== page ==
Instagram users have unleashed a wave of criticism at the social media company for not doing enough to tackle content promoting eating disorders, with numerous hashtags which should be accompanied by warnings going undetected by its AI.
Daniel Magson, vice chair of the Anorexia & Bulimia Care charity, told Sky News that Instagram and other platforms need to do more to protect users from such “incredibly dangerous” content.
Describing it as a “real health risk”, Mr. Magson, who himself is a former bulimic, said "It's not a safe space at all and these communities are promoting things like 'these are the best places to dine with private toilets for afterwards.”
“They promote the best ways to injure or self-harm and that should not be allowed,” he added.
With 7,500 content reviewers, Instagram has said it is working in conjunction with a network of charities to identify and restrict hashtags promoting “dangerous practices”, saying they only directly intervene when absolutely necessary as they don’t want to be perceived as censoring content.
Some took to Twitter to echo calls for Instagram to adopt a more interventionist approach, while others said people should ultimately take responsibility for themselves.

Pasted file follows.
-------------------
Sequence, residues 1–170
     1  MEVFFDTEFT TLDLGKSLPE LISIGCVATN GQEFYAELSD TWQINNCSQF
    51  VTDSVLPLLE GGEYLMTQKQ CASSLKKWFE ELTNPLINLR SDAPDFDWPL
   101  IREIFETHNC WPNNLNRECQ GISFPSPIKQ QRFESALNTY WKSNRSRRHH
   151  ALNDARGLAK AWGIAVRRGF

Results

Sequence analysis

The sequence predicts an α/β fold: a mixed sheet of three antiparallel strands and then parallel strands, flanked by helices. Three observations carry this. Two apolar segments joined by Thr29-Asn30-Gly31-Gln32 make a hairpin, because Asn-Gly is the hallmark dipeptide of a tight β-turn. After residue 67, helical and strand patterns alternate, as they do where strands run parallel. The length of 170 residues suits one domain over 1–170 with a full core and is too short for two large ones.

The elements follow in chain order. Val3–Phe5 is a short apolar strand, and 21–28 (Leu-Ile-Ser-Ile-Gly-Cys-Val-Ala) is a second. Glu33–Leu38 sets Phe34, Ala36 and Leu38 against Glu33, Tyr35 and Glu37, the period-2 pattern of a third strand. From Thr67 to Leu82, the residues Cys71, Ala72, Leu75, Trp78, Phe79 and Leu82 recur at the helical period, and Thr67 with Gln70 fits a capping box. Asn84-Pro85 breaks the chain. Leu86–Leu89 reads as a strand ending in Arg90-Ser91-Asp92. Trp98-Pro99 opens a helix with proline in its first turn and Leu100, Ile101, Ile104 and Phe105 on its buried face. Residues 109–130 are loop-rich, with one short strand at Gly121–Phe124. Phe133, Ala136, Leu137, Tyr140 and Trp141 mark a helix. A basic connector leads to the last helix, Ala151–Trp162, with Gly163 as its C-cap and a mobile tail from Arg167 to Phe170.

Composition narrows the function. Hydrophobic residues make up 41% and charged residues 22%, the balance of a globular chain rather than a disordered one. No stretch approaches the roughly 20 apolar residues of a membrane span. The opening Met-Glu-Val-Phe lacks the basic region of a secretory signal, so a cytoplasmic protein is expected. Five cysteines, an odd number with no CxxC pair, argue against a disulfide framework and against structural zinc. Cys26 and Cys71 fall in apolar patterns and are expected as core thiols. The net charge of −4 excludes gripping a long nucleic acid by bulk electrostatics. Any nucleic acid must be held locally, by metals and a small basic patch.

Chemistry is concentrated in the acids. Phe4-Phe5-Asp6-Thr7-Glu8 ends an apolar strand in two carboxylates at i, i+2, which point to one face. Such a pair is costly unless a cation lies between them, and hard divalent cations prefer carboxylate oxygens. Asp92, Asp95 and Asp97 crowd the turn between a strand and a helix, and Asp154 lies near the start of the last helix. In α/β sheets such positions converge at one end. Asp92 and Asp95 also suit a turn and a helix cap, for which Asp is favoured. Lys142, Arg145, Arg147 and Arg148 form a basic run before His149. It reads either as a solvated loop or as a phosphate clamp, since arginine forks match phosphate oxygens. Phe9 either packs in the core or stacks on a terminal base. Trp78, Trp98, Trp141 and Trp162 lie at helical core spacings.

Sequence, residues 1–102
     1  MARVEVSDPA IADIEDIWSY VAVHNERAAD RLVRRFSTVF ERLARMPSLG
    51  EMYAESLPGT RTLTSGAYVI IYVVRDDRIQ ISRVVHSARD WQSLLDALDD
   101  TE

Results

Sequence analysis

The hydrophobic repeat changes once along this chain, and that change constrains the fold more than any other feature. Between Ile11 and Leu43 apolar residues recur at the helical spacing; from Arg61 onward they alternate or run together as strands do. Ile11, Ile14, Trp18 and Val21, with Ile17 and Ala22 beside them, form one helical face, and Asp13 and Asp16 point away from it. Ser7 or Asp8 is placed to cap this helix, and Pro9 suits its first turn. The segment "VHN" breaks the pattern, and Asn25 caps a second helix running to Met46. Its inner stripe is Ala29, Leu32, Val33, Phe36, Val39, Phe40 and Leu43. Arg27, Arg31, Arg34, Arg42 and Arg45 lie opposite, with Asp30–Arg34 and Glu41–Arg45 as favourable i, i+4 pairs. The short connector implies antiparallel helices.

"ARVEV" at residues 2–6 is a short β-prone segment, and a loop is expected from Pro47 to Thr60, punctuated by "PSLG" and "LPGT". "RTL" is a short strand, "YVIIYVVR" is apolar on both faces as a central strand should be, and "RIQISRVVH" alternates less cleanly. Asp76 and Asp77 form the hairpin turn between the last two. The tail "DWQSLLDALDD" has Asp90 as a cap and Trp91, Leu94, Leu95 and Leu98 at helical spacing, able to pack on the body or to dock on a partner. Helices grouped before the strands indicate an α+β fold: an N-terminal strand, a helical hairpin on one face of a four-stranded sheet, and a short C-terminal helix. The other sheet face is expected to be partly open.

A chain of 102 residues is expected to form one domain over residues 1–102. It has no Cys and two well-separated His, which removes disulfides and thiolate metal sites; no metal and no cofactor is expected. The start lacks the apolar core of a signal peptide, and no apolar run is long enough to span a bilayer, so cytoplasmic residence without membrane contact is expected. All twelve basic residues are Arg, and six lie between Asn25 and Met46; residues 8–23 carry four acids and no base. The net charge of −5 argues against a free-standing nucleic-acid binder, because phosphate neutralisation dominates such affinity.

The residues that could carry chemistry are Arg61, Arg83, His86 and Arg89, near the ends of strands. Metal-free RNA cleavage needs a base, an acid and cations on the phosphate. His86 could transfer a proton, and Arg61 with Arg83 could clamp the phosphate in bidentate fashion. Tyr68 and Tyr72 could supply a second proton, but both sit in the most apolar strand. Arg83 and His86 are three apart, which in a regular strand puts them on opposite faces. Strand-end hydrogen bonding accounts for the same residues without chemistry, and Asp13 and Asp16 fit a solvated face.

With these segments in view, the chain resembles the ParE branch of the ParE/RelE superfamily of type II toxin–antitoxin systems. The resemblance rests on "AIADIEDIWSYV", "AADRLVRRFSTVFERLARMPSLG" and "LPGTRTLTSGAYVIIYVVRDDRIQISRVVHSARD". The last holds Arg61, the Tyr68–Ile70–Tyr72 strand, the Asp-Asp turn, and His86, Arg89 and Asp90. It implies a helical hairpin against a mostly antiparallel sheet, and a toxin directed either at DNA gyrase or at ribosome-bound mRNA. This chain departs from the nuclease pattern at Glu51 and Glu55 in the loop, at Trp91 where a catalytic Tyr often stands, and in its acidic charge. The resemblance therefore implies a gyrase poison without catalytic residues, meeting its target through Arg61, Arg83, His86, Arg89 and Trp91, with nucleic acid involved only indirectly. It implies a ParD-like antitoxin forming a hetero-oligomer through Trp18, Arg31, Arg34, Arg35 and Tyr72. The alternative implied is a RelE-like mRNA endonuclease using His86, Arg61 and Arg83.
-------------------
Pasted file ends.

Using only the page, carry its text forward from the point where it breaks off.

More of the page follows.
No, no there shouldn't. If you're that thick that you believe Instagram is true to live then you're pretty much gonna go via some other dumb way. Looking left instead of right when crossing a road will be up there! #commonsensehasgone pic.twitter.com/Ll6A64PGg6— Trent Steel (@victorspencer69) September 14, 2018
I SAY LIBERATE SOCIAL MEDIA EVEN MORE!!— Andrew Robert Jones (@andykhjones) September 14, 2018
And what? Social media is just one big cybernetic experiment, that fact that the app hasn’t picked it up just means the AI is still learning.— Iaszlo 🏴 (@I0I0IOO0) September 14, 2018
Other social media platforms have also been labelled as dangerous for putting users, particularly youths, under pressure, but a survey carried out earlier this year found Instagram to be causing the most damage.